There are lots of ways to make money, to make a lot of it. You could win the lottery, for example. It's a great way to make gobs of greenbacks, but it carries a hefty risk: Odds are, you'll walk away with nothing. You could start a business, alternatively. Huge enterprises such as Hewlett-Packard (NYSE:HPQ) started in garages. Let's face it -- every massive oak tree started from a little acorn. But that's risky, too. Most businesses don't succeed so wildly. Plenty of sprouted acorns wither and die.

Real estate, you say? Well, that can backfire, too. Just ask some people who invested in Texas or California property in recent years. It's not a slam-dunk.

You could invest in CDs at your bank -- they're often competitive with many bonds, but they do tend to lock you in. Last time I checked, even five-year CDs yielded 5% -- quite a bit less than the corporate bond market’s historical returns. As we've noted many times before, for most people, stocks make the most sense as long-term investments. According to research from business professor Jeremy Siegel, stocks outperformed bonds 74% of the time over all five-year periods between 1871 and 2001. Over all 10-year periods in the same span, that figure rises to 82%. Meanwhile, stocks outperformed bonds 95% of the time over all 20-year periods, and 99% of the time over all 30-year periods!

Safe among safe
Still, given the market's recent freefall, it's reasonable for you to find yourself a little skittish at the thought of investing in stocks. Look at these recent performances, after all:

Company

Year-to-date return

Wells Fargo (NYSE:WFC)

(10%)

MasterCard (NYSE:MA)

(35%)

Starbucks (NASDAQ:SBUX)

(56%)

General Electric (NYSE:GE)

(62%)

Data from Morningstar.

You do need to be able to tolerate some volatility if you invest in stocks. And you need to remember that over the long haul, their trend has been up -- healthy companies may swoon for a while, but they will eventually recover.

So, if stocks are the best bet for your long-term dollars, where should you look in the vast stock universe? If you want to have the soundest sleep at night, and invest in companies that will serve you well in a bear market, I suggest dividend-paying stocks. (My colleague Dave Mock has called them "the easiest way to double your returns.")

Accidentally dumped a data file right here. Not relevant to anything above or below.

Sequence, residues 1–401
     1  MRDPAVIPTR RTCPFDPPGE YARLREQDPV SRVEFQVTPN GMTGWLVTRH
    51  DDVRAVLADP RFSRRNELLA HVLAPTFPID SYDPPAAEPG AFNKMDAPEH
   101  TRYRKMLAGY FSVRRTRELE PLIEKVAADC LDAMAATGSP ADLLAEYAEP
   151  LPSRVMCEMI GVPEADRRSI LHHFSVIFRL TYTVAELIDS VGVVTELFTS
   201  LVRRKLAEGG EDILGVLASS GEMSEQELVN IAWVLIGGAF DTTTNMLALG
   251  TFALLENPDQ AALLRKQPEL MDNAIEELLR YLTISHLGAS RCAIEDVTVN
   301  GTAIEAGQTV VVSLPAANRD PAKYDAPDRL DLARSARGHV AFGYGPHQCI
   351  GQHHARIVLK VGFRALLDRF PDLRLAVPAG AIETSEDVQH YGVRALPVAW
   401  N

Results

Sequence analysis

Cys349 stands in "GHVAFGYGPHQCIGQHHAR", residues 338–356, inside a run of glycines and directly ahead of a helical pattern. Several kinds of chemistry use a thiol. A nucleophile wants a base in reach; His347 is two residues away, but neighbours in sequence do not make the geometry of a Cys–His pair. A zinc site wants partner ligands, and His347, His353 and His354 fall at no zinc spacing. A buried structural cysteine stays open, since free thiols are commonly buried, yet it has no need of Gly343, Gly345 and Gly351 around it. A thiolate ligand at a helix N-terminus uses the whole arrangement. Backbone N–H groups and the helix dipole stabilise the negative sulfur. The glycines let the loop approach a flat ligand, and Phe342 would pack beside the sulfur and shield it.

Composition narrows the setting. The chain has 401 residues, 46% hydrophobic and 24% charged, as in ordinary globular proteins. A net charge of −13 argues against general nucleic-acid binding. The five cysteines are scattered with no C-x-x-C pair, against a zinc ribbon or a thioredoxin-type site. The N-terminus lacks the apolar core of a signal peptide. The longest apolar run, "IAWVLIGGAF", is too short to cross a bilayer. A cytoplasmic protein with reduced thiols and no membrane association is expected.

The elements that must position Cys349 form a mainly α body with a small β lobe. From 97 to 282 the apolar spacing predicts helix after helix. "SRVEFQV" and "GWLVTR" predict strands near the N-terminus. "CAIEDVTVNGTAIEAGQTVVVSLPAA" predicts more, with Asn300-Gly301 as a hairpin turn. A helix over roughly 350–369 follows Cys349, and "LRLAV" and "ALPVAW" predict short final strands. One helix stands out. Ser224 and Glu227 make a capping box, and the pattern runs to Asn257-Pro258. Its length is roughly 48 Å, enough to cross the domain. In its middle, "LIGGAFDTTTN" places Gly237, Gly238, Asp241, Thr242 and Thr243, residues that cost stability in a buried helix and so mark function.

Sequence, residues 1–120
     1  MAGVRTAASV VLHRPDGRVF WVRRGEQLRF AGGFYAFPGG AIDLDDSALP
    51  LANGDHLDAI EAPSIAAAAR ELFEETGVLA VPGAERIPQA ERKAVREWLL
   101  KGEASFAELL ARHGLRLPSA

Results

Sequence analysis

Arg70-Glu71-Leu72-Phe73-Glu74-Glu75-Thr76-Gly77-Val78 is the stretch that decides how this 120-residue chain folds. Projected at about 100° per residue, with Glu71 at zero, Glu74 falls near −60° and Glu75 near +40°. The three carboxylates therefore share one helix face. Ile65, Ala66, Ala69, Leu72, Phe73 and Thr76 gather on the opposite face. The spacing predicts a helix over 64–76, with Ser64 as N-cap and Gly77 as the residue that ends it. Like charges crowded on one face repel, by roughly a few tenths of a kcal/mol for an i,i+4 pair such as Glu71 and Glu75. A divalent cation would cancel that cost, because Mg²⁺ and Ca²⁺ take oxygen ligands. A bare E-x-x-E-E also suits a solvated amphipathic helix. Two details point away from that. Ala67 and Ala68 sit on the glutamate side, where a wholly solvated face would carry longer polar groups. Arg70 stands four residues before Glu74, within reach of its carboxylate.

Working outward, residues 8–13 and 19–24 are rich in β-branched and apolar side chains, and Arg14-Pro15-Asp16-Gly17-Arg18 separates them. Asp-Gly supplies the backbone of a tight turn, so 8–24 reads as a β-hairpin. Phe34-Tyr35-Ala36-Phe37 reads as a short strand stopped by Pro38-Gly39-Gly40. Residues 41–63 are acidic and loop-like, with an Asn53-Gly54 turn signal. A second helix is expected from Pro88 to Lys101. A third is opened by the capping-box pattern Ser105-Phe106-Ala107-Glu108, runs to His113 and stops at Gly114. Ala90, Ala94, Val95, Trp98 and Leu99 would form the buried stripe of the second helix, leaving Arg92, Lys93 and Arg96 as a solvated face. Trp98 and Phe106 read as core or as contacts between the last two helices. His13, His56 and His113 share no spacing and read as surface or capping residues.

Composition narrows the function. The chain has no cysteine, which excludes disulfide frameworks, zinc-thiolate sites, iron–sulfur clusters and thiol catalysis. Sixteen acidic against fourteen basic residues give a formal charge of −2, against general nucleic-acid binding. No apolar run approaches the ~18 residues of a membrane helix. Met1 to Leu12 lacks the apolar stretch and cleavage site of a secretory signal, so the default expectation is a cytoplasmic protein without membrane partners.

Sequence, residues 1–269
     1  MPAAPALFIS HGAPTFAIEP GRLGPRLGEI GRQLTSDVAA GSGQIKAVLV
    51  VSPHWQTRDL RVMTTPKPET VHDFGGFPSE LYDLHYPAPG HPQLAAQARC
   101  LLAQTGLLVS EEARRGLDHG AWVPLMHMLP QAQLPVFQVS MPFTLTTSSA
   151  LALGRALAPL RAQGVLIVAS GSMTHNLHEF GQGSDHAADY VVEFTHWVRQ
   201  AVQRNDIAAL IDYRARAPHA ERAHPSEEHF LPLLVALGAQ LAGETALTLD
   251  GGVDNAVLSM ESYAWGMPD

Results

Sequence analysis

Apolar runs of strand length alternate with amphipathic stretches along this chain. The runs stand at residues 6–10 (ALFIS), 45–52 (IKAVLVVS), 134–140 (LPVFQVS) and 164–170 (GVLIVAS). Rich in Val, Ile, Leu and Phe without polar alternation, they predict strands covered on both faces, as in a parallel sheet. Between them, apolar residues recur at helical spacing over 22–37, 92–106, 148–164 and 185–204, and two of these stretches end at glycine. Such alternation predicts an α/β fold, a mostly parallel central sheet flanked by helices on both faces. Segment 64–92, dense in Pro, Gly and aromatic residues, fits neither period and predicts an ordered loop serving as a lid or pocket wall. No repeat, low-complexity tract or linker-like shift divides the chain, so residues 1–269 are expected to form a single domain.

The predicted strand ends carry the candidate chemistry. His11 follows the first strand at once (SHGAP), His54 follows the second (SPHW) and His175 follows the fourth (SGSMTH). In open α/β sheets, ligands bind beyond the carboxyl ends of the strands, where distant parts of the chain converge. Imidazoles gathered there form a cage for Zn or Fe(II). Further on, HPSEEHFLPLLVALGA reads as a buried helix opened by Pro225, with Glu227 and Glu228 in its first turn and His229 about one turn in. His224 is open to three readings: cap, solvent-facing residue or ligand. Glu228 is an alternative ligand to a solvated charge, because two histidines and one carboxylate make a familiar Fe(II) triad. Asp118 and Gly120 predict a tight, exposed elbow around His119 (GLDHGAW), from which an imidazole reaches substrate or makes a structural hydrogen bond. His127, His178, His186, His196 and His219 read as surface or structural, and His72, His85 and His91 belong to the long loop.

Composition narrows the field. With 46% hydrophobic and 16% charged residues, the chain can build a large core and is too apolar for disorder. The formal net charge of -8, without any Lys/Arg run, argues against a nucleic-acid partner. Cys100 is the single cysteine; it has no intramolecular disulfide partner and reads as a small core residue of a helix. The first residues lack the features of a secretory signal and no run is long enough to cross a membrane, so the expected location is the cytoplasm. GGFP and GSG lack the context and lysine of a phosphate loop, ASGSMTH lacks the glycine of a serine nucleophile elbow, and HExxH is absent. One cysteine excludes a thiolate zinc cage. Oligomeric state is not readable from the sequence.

Dividends are great because as long as the underlying company is on sound footing, you can count on that dividend arriving regularly, whether the stock price is up or down. You'll still get paid. Of course, these companies' stock prices can fall sharply in the short term, as the above examples illustrate. But if you pick the right companies -- more on that later -- prices rise over time -- and so do dividend payments! So, you can reap a double reward over the long haul.

And then there's today's yucky economic environment. Yes, it's a big headache, and many of our investments are in the red these days, but if you have any new money to invest, this is a great time for it. Since dividend yields tend to rise when stock prices fall, Jeremy Siegel found that the market swoon during the Great Depression actually doubled the market’s total returns over a 25-year period.

There are some extra-compelling dividend yields available out there today, particularly among companies that have fallen sharply. For example:

Company

Recent dividend yield

AT&T (NYSE:T)

5.7%

Pfizer (NYSE:PFE)

7.6%

Coca-Cola

3.4%

ConocoPhillips

3.7%

Date from Yahoo! Finance.

These aren't necessarily sleepy outfits, either. Familiar blue-chips can really build your wealth over many years. Coca-Cola stock, for example, increased nearly 12-fold in value over the past 20 years. Pfizer has dropped by more than 25% this year, but despite that, it has still increased some 11-fold in value over the past two decades.

Seeking dividends
So, consider adding some (or many) dividend payers to your portfolio. Don't fall for the fattest yields you find, though -- a fat yield is sometimes attached to a company that has been deservedly punished. And if a company is paying out more than it's earning, well, that's just not sustainable for very long. So be picky. My colleague Anand Chokkavelu offers some tips.

Look at factors other than the dividend, as well. You want healthy, growing companies -- ideally with little to no debt, rising profit margins, respectable revenue and earnings growth rates, and enduring competitive advantages. Such companies offer you the best chances at keeping your capital relatively safe while it grows.  

If you'd like some pointers to promising companies, we'd love to offer them. I invite you to test-drive, for free, our Motley Fool Income Investor newsletter service. Its recommendations have been beating the S&P 500 by several percentage points on average, and those picks sport an average dividend yield of more than 7%. Just click here for a free trial -- it will give you full access to every past issue with no obligation to subscribe.

Longtime Fool contributor Selena Maranjian owns shares of Coca-Cola, Starbucks, and General Electric. Pfizer is a Motley Fool Income Investor recommendation. Starbucks, Pfizer, and Coca-Cola are Motley Fool Inside Value recommendations. Starbucks is a Motley Fool Stock Advisor selection. The Fool owns shares of Starbucks and Pfizer. The Motley Fool is Fools writing for Fools.